There have been a few decent ones: "Last Man Standing" on ABC (Tim Allen even got his ham license in real life because of his character's interest in the hobby) and the movie "Frequency," even though the characters transmitted on an old Heathkit RECEIVER throughout the film. But at least the characters were not depicted as socially challenged dweebs who "perfectly fit the stereotype," an actual line from "NCIS."

Okay, I confess I have not watched a full episode of any of the flavors of "NCIS" because I found the situations totally unrealistic and what few I have spent more than a few minutes with were just downright silly. Therefore I should not be surprised that this attempt to include ham radio was just downright wrong at best and mean-spirited in actuality.

For the life of me I can't understand why, if they are going to make amateur radio a key element of the story line, they don't get a little input and get it right. A quick visit to the ARRL web site could have helped immensely.  Asking the local ham club to give input would have kept them from being absolutely insulting.  Maybe.

  • Hams don't use "handles." That's CB. Common mistake but why do it? Oh, that did fit into the plot somewhat since they had to use direction-finding to locate one ham they wanted to talk with about a murder. And they couldn't have just looked up a call sign on QRZ.com or the FCC database. That would have made the geniuses at NCIS unnecessary.
  • There are plenty of real but unused call signs they could have used instead of that silly mishmash they came up with. 
  • The two ham "shacks" they showed must have had a dozen transceivers in each. That was just an effort to further demonstrate how crazy these hams were.
  • The log book they showed would have had call signs in it, not "handles," and it would have been a snap to look them up on many web sites or in the FCC database. 
  • "His antennas have a range of 80 square miles." Ridiculous! The conglomeration of radios the murdered guy had and the big beam antenna and ham gear at his buddy's house can reach the other side of the planet. But they had to keep the dead guy's coverage down in order to determine that there were 630 licensed amateur radio operators that could possibly be able to talk to the poor fellow. And a quick look at their names instantly gave them the likely "handle" of the person they wanted to speak with. Wow!

But the worst parts were the constant references and portrayals of the amateur radio guys in the story as socially repressed loners, holed up in their shacks, grown men living with their mothers, unable to function except for jabbering for hours on their radios. Such a stereotype is absolutely untrue and, frankly, insulting. I have no data but I'd bet the number of socially non-functioning personalities in our hobby is actually less than in the general population. 

See, we communicate all the time, not just via radios but in many other ways, too. 

What they said about amateur radio often being the only means of communications during disasters is absolutely true. We've seen plenty of that in the past few months in flood- and hurricane-ravaged areas. Thanks for throwing us that bone anyway, NCIS. 

But when you consider the premise for this episode is that the drug cartel is hauling in cocaine, mixing it with sand, and dumping it into the traps on a golf course...well, again I should not be surprised at the hatchet job they did on a fine one-hundred-year-old hobby that almost a million-and-a-half of us enjoy and that does so much good for so many.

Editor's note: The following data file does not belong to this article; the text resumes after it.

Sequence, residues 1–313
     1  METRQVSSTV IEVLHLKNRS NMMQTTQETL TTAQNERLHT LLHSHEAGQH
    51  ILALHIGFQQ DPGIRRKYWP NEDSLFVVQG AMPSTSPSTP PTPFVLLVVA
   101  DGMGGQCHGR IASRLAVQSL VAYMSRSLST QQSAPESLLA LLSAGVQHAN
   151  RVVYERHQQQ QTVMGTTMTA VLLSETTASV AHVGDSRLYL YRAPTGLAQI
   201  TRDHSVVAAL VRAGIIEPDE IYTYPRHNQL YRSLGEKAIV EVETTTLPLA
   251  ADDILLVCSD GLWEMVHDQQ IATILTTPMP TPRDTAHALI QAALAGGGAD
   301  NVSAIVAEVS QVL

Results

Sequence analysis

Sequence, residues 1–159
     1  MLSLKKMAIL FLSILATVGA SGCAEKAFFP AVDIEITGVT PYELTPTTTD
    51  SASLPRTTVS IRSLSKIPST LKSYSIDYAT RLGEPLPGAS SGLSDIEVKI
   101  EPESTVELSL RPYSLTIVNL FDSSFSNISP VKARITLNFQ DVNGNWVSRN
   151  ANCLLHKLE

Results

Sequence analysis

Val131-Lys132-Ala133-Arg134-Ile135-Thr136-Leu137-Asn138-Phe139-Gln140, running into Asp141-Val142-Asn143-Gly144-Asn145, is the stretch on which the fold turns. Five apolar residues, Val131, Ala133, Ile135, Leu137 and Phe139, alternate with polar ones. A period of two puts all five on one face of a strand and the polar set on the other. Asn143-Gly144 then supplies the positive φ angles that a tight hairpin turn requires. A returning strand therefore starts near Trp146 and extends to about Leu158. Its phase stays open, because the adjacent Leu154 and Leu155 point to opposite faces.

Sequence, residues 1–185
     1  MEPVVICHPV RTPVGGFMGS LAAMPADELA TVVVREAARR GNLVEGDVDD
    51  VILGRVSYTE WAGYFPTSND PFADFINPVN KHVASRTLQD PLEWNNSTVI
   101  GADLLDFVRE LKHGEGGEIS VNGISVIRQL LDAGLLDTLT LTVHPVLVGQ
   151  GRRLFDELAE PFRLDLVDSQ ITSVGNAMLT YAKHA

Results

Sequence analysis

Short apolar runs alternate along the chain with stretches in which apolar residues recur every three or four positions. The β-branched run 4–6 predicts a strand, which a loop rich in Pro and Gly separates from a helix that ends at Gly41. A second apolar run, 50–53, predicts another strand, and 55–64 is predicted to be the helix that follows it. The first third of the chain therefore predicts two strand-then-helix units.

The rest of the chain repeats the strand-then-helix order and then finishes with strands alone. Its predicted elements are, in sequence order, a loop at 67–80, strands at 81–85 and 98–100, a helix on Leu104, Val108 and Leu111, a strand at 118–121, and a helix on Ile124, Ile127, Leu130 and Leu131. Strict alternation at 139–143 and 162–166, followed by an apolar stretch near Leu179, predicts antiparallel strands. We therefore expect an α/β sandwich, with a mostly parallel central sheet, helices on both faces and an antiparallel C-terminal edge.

I've seen some scathing posts on many of the group pages this morning already. Many have written the network expressing their disappointment.  Hey, I know everyone is easily offended these days, and being politically correct seems at epidemic proportions, but why does a network, a show, its writers and producers feel they can malign a group of hobbyists as they did.  Here is just one such note to CBS that I believe says it well:

"You have insulted over 1,352,000 Amateur Radio Operators. Or Ham Radio, if you prefer. Did your writers do ANY research? The profile you depicted on tonight's program of NCIS was wrong on so many levels, it is hard to begin to correct. Most Hams are average people with normal jobs and normal life styles and families. We belong to clubs and churches. I know several doctors and police who are Hams. We volunteer with local Emergency Management Agencies as well as the National Weather Service and FEMA. Also, Tim stated he used a "Handle", and Ham operators do not. (CBers do) He also used a really bogus call sign that would never be issued. The equipment shown would have worked stations all over the world, not the 80 mile distance Tim said. Not only did you do us an injustice, you did the American people an injustice by misleading them. Who do you think has been providing the communications out of the islands hit by the recent hurricanes? I am very disappointed in your writers and I am seeing some bitter comments on social media. But then again, that's Hollywood. Don't let the facts get in the way of a good (or bad) story." 

As noted, I've never watched a full episode of this show. Now I'm glad I haven't wasted all that time if this is typical of the silliness they propagate. If you recorded it to watch later, don't bother. At least not for the amateur radio content. Or the goofy crime and how they eventually solve it, for that matter!

I'm just glad I decided to watch the World Series and give out candy to trick-or-treaters. After DVRing "NCIS," I was able to fast-forward through about a half hour of commercials and watch the silly show during breaks in the game.  

Even so, that's time I can never get back!